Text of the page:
A curlew on Napier Lake Ranch (Photo by Tim Ennis / NCC)

A curlew on Napier Lake Ranch (Photo by Tim Ennis / NCC)

Napier Lake Ranch Conservation Area

Napier Lake Ranch (Photo by Tim Ennis / NCC)

Napier Lake Ranch (Photo by Tim Ennis / NCC)

Situated in the heart of the Nicola Valley, Napier Lake Ranch Conservation Area encompasses a mosaic of iconic native grassland habitats. Gently rolling hills covered in swaths of tall grasses mask evidence of the abundance of birds and other small animals that flourish here. Easier to spot are the hawks and falcons that circle in the sky above, searching for movement in the waving grasses below. Steep slopes give way to cliffs and rock outcrops, which are a favourite habitat for hibernating snakes and bats. Pockets of trembling aspen woodlands grow in the gullies on the property, providing shade and niche habitat for wildlife.

The Napier Lake Ranch Conservation Area occupies an important transition zone from mid-elevation grasslands to Douglas-fir forests, linking a variety of habitats that provide movement corridors for animals shifting between summer and winter ranges.

A male sharp-tailed grouse dancing (Photo by Rick Howie)

A male sharp-tailed grouse dancing (Photo by Rick Howie)

The conservation area is strategically located along a flyway for many species of birds. It connects to other conservation properties both to the north and south across the Douglas Plateau — a large area designated as an Important Bird Area for its diversity.

The Napier Lake Ranch Conservation Area is an exceptional piece of a rare ecosystem complex that is rapidly disappearing from British Columbia.

Conservation values

The Napier Lake Ranch Conservation Area supports many iconic grassland species and the fragile habitat on which they depend.

  • The lands are used extensively by hawks and falcons, especially American kestrel and northern harrier.
  • Sharp-tailed grouse leks are found here. Leks, or dancing grounds, are special gathering sites for male grouse where they perform their spring mating dances for the females.
  • Long-billed curlews — rare shorebirds — migrate from their southern wintering grounds to breed in the grasslands of BC, including on the ranch.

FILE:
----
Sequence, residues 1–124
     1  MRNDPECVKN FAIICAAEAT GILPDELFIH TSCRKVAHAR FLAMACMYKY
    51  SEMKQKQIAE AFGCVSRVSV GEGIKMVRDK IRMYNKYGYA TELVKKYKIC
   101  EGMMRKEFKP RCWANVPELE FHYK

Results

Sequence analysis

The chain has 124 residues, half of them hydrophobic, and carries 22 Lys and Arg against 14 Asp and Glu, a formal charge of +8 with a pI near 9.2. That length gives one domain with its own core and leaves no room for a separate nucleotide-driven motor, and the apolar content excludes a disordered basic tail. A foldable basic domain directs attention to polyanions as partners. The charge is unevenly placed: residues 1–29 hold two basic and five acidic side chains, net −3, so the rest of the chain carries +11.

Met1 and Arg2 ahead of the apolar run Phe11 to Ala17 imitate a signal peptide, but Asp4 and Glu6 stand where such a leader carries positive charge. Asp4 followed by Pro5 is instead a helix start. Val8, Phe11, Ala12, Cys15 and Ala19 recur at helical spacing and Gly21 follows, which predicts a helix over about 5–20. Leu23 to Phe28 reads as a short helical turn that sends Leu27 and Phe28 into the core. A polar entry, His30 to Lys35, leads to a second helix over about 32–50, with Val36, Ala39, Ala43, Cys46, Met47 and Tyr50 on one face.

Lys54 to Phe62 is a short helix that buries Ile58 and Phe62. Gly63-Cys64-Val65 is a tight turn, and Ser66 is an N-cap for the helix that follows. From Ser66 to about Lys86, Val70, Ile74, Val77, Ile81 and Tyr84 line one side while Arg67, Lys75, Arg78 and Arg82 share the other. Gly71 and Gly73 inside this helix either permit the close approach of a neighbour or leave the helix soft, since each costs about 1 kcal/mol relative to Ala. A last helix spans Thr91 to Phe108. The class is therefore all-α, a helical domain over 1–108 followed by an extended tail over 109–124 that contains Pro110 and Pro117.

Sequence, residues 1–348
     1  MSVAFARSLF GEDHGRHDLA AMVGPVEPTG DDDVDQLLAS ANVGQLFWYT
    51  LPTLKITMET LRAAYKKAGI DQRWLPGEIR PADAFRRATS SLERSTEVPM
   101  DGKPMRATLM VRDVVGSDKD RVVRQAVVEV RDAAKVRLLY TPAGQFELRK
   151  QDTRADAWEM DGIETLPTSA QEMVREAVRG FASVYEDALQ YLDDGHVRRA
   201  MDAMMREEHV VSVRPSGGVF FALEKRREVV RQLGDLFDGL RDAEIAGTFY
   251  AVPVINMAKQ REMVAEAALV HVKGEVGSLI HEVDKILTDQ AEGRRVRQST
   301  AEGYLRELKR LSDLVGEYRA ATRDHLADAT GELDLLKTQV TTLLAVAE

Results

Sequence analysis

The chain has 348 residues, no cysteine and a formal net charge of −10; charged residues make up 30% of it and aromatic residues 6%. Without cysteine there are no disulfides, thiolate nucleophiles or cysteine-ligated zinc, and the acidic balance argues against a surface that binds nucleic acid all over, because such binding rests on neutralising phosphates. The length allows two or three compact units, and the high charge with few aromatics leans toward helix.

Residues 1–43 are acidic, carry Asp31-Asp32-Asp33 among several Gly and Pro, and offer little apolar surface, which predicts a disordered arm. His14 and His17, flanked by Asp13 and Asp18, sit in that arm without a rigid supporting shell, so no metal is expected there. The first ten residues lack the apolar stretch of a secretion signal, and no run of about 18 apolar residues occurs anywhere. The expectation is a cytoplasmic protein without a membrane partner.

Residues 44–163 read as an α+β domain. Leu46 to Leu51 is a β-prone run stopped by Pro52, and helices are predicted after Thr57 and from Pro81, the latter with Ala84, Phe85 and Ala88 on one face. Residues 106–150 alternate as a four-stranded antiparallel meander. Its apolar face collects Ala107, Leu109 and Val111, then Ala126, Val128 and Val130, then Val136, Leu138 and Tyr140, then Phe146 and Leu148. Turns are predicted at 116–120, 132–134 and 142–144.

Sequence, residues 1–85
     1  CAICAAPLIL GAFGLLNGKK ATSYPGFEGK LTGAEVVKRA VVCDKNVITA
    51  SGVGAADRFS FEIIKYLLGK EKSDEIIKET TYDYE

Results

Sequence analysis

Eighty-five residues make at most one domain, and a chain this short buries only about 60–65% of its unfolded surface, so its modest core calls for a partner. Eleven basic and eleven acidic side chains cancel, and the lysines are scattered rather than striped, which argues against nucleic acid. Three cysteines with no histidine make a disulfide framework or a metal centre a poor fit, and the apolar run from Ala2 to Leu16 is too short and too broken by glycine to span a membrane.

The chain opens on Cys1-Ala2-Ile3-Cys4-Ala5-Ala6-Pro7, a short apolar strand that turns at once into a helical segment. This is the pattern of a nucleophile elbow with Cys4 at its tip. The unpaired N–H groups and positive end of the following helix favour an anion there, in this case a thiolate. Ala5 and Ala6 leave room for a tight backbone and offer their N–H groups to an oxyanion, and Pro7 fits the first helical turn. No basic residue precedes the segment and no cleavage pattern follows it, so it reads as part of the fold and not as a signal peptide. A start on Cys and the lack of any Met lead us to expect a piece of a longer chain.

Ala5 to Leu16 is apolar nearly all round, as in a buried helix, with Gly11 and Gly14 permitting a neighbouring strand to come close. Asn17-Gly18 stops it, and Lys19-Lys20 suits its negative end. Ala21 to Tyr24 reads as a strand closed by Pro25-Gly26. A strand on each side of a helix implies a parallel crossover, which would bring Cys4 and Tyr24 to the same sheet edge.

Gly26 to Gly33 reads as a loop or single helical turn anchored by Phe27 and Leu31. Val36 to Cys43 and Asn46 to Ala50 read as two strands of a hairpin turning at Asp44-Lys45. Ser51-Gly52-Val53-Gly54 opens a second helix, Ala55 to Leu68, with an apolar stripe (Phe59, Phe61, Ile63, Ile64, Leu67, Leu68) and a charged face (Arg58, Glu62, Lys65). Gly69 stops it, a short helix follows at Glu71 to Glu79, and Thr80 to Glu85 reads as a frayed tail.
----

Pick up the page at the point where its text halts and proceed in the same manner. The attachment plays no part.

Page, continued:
• The rich waters and marshland vegetation that border a portion of the property make it one of the most attractive locations for waterfowl in the chain of lakes along Highway 5A.
  • This project builds connectivity with the Nature Conservancy of Canada’s other conservation lands in the Heritage Grasslands Natural Area, including the Frolek Ranch covenants and the Warner Philip Conservation Area.

See a map of Napier Lake Ranch and NCC's other conservation areas in the Nicola Valley >

Ranching history

The Napier Lake Ranch Conservation Area also enjoys a long history as an active cattle ranch, dating back to 1873. The Jackson family has tended this land since 1974, when Agnes and her late husband Roy purchased the home ranch to pursue their dream of ranching. Now, after more than three decades of working and caring for the land, Agnes is looking to fulfill another dream of her family’s: to protect grasslands from development.

“Grasslands hold more endangered species than any other climatic zone,” says Agnes. “Keeping large tracts of land intact is really the only way to protect them. Cows, grouse and burrowing owls can all live together. We should encourage diversity, not monoculture.”

Read the Story of Napier Lake Ranch >

Supporter Spotlight

http://www.natureconservancy.ca/en/what-you-can-do/donate/Monthly_gift.html